The heads of three of Maryland’s largest school districts on Monday sent a joint letter to state leaders calling for the restoration of full funding for public schools.
Cuts to education are among the state budget issues to be considered during a special legislation session that begins May 14.
The letter, signed by Baltimore City Public Schools CEO Andrés A. Alonso, Montgomery County Public Schools Superintendent Joshua P. Starr and Prince George’s County Public Schools Superintendent William R. Hite, Jr., is addressed to Gov. Martin O’Malley, Senate President Thomas V. Mike Miller Jr. and House Speaker Michael E. Busch.
Click the PDF at the right to read the letter in full.
The letter calls on the General Assembly to address funding formulas for public education, particularly the Geographic Cost of Education Index, which provides extra education funding to jurisdictions where the cost of living is higher.
“The elimination of $93 million in GCEI funding would disproportionately harm our students, our ability to continue to narrow achievement gaps for those students who are minorities and poor, and student performance for the state as a whole,” the schools leaders wrote in the letter.
Baltimore city and Montgomery and Prince George’s counties have received the majority of the GCEI money since it was first included in the state budget in fiscal 2009.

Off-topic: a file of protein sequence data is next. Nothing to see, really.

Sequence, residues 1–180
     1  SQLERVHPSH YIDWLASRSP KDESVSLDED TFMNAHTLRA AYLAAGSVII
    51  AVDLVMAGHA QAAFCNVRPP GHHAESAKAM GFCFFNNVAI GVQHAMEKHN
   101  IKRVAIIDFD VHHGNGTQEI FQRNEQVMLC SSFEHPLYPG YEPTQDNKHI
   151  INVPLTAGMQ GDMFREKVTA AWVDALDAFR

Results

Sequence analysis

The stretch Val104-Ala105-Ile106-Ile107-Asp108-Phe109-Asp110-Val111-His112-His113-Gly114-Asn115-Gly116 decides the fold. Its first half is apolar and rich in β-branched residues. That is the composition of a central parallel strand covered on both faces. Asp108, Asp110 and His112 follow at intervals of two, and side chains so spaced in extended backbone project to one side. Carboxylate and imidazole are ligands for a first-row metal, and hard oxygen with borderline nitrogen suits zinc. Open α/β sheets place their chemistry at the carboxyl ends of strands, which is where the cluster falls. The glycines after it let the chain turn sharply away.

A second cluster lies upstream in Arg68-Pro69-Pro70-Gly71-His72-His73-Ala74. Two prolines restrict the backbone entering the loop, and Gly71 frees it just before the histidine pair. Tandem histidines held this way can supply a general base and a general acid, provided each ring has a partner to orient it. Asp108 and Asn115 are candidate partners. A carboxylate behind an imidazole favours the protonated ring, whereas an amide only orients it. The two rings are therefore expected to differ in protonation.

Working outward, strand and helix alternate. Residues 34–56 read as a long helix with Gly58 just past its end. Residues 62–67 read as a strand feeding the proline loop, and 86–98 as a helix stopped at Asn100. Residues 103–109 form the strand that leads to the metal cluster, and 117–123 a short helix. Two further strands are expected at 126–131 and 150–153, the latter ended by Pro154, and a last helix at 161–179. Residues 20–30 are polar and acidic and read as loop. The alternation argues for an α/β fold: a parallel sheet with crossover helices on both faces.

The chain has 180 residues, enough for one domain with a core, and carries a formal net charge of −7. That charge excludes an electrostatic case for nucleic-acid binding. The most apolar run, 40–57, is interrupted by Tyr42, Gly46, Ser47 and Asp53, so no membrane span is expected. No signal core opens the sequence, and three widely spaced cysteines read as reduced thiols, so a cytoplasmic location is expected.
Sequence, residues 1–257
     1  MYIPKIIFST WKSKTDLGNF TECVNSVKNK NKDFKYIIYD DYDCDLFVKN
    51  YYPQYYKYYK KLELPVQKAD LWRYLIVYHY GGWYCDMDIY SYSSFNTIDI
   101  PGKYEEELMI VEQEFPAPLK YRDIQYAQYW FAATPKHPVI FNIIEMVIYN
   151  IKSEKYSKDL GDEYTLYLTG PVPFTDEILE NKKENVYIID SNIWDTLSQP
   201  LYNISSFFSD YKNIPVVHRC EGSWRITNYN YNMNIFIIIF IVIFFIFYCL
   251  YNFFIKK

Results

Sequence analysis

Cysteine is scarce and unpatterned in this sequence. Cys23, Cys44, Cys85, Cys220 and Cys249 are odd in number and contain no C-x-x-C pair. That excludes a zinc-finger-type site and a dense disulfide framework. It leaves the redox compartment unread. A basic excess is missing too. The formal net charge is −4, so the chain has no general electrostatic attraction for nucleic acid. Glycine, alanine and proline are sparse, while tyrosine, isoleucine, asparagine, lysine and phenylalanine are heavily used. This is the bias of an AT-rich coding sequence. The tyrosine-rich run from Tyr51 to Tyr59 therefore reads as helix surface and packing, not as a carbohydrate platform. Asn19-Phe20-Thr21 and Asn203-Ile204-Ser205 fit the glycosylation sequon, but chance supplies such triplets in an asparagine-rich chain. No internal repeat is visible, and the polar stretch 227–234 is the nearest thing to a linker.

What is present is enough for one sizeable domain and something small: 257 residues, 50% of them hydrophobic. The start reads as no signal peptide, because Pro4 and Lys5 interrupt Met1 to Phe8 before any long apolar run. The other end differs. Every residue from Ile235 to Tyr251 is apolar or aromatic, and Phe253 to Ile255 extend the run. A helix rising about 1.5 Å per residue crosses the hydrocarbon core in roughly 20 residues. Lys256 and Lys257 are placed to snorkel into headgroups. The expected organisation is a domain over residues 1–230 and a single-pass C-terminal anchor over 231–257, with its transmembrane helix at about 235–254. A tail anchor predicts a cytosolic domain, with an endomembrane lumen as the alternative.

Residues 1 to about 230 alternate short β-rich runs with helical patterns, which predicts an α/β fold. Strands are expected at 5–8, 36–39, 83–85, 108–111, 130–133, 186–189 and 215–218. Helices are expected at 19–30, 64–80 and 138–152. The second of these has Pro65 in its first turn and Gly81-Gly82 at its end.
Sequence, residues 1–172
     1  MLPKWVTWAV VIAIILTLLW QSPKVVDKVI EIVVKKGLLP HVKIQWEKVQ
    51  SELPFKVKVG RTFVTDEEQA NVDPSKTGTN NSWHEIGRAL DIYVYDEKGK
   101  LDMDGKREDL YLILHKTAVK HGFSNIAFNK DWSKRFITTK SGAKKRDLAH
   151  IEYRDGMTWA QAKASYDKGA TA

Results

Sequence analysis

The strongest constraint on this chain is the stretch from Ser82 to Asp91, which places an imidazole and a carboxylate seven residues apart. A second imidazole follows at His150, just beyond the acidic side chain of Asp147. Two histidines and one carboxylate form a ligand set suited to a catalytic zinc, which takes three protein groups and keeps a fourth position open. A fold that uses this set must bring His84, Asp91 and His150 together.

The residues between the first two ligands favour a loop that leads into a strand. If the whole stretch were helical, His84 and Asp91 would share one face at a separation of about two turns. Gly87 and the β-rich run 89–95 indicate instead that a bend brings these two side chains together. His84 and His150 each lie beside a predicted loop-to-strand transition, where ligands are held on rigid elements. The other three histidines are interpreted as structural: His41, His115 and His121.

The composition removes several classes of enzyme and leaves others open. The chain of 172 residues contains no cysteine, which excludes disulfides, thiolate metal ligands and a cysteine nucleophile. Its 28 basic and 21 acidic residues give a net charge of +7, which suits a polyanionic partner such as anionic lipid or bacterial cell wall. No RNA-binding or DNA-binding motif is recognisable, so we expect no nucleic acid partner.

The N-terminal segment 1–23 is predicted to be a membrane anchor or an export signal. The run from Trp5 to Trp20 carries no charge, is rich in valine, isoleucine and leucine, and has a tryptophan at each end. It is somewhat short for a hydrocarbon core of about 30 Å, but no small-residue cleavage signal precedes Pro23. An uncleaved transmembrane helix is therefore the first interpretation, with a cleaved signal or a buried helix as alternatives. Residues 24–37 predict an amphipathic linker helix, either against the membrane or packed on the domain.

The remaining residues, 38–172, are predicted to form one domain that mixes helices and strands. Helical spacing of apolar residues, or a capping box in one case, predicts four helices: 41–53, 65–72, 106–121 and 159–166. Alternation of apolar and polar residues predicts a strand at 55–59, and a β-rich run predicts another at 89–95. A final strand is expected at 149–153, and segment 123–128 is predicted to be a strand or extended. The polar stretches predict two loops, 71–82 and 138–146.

Without it “our three districts would sustain 73 percent of what would be a $128.8 million cut to public education,” the schools leaders wrote.
The 2012 regular session adjourned April 9. The legislature could not agree on a budget that avoided massive cuts. The spending plan approved in the session's final hours included $512 million in cuts to public schools, law enforcement and social services.
On Friday, O’Malley (D) said he is calling lawmakers back to Annapolis for a special session to “ensure that Maryland’s Triple A bond rating is protected, and critical investments in public education, public safety, the State’s workforce, and critical social services are restored."
Correction: The original version of this article incorrectly stated that heads of the state's three largest school systems wrote to state leaders. The school districts represented are three of the largest. Baltimore County Public Schools has a larger student population than Baltimore City Public Schools. This version corrects the first paragraph. Patch regrets the error.